It seems that what Biden had in mind was the establishment of an independent, demilitarized Palestinian state. Foreign Policy reported that State Department officials have already been tasked with considering what a demilitarized Palestine would look like “based on other models from around the world.”

According to Foreign Policy, the idea has increasing acceptance in the international community as a possible way out of the current dilemma, namely by allaying Israeli security concerns and granting the Palestinians a state of their own.

Will Netanyahu's plan succeed?

Throughout the aggression, which has entered its fifth month, Netanyahu has said many times that the war will continue until the resistance and Hamas are eliminated. But his battle plan to achieve this goal is not clear at all, despite the appearance of a document on Thursday.

With calls growing around the world for a ceasefire, and Biden telling Netanyahu that he cannot support a year-long war in Gaza as elections approach, Israel finds itself under increasing pressure to respond. This places more scrutiny on Netanyahu's comprehensive strategy to continue the war until full temporary control of Gaza, not to mention disarming the resistance.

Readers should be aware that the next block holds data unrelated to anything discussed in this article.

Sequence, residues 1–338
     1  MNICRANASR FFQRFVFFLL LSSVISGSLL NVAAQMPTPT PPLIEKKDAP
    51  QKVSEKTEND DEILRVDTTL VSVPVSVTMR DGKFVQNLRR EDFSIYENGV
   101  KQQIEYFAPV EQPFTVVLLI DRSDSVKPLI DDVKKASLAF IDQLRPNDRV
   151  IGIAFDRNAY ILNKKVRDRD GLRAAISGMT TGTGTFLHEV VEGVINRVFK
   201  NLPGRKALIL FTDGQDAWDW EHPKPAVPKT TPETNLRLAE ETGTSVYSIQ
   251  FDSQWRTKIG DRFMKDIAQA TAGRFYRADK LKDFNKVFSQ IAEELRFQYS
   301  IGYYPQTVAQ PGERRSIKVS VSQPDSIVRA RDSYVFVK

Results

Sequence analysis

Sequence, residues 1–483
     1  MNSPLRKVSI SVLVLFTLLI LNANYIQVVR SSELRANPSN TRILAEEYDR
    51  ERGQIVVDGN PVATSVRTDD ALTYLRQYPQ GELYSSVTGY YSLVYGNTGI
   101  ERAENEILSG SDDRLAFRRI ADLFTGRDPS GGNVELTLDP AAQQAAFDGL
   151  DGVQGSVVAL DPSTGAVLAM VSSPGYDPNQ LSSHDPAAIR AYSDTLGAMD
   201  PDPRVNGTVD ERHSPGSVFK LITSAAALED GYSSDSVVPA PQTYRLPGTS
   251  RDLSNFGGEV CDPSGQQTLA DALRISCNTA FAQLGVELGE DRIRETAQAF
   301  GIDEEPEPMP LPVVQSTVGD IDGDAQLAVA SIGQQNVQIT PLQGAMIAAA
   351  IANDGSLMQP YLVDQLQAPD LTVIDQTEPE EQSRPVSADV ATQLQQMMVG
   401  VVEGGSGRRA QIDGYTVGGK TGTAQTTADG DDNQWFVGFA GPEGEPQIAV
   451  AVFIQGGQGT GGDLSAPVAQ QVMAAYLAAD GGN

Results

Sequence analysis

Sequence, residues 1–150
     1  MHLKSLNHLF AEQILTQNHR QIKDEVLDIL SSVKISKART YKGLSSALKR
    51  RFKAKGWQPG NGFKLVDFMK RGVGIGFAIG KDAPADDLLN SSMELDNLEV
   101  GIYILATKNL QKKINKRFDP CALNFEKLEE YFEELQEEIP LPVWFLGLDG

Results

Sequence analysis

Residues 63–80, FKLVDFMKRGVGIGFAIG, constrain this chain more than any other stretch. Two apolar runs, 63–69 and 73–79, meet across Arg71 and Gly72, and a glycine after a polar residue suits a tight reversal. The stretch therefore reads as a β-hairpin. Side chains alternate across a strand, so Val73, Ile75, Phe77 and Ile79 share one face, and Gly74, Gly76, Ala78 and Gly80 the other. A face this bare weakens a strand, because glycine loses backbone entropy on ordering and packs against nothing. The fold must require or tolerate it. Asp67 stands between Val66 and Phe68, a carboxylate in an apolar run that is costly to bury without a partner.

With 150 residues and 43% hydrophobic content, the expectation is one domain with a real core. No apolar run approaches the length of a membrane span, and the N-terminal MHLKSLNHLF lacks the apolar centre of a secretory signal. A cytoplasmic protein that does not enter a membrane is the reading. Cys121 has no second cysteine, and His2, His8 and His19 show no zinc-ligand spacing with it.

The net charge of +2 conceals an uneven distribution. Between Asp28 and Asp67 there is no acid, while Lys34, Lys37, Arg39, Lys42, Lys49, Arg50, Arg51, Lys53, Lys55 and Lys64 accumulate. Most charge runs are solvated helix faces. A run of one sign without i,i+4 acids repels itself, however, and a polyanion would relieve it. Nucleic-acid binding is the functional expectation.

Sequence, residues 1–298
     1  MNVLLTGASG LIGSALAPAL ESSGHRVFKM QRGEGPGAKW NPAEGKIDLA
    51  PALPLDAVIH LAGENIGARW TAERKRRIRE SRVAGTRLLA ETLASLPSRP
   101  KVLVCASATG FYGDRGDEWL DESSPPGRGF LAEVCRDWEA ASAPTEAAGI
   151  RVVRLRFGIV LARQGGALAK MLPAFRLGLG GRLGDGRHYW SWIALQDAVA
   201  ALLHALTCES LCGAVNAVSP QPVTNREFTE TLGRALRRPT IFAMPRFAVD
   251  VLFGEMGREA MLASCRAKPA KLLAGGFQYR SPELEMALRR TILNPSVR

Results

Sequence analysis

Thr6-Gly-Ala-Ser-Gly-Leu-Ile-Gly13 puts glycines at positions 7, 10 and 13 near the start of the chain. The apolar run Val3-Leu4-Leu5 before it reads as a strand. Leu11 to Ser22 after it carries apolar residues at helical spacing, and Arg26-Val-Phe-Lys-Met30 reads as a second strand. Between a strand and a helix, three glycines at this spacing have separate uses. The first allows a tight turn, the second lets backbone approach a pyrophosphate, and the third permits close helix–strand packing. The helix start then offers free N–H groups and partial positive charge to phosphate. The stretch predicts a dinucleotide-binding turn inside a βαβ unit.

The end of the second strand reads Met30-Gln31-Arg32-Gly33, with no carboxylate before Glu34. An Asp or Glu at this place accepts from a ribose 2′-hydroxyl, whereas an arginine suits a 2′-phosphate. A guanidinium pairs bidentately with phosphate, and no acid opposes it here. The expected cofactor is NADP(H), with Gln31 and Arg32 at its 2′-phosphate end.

Regardless of the impossibility of defeating the Palestinian resistance, according to many observers, which is still steadfast despite the aggression and siege that has continued for 5 months, the political and economic pressures inside Israel would hinder such as Netanyahu’s plan to disarm Gaza.

In this regard, former Israeli Prime Minister Ehud Barak criticized Netanyahu's policies, warning that the course of the war might lead to "Israel's involvement in the Gaza quagmire." Barak said: "We see in Israel despair and the feeling that despite the gains achieved by the Israeli army, Hamas has not been defeated and that the return of hostages is declining."

Barak warned: “In the absence of a realistic goal, we will end up mired in the Gaza quagmire, fighting simultaneously in Lebanon and the West Bank, which will erode American support and jeopardize the Abraham Accords and peace agreements with Egypt and Jordan.” Considering that "this type of behavior drags Israel's security into the abyss," according to what Anatolia reported .